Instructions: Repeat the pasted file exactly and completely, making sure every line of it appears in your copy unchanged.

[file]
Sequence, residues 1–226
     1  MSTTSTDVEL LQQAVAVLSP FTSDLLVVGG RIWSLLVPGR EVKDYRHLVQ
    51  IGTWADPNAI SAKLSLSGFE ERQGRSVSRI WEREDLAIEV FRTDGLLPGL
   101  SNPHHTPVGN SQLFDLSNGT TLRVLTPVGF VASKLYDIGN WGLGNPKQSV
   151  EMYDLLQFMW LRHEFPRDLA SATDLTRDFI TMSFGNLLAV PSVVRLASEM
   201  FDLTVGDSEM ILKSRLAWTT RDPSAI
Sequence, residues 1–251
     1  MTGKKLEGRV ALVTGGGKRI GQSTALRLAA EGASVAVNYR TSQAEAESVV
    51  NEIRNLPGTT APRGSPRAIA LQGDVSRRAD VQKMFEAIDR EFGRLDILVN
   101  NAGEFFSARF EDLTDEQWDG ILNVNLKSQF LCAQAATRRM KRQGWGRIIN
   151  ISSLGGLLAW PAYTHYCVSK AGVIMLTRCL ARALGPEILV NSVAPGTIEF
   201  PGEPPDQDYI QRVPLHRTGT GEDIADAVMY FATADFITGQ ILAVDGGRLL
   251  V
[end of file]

Sequence, residues 1–226
     1  MSTTSTDVEL LQQAVAVLSP FTSDLLVVGG RIWSLLVPGR EVKDYRHLVQ
    51  IGTWADPNAI SAKLSLSGFE ERQGRSVSRI WEREDLAIEV FRTDGLLPGL
   101  SNPHHTPVGN SQLFDLSNGT TLRVLTPVGF VASKLYDIGN WGLGNPKQSV
   151  EMYDLLQFMW LRHEFPRDLA SATDLTRDFI TMSFGNLLAV PSVVRLASEM
   201  FDLTVGDSEM ILKSRLAWTT RDPSAI
Sequence, residues 1–251
     1  MTGKKLEGRV ALVTGGGKRI GQSTALRLAA EGASVAVNYR TSQAEAESVV
    51  NEIRNLPGTT APRGSPRAIA LQGDVSRRAD VQKMFEAIDR EFGRLDILVN
   101  NAGEFFSARF EDLTDEQWDG ILNVNLKSQF LCAQAATRRM KRQGWGRIIN
   151  ISSLGGLLAW PAYTHYCVSK AGVIMLTRCL ARALGPEILV NSVAPGTIEF
   201  PGEPPDQDYI QRVPLHRTGT GEDIADAVMY FATADFITGQ ILAVDGGRLL
   251  V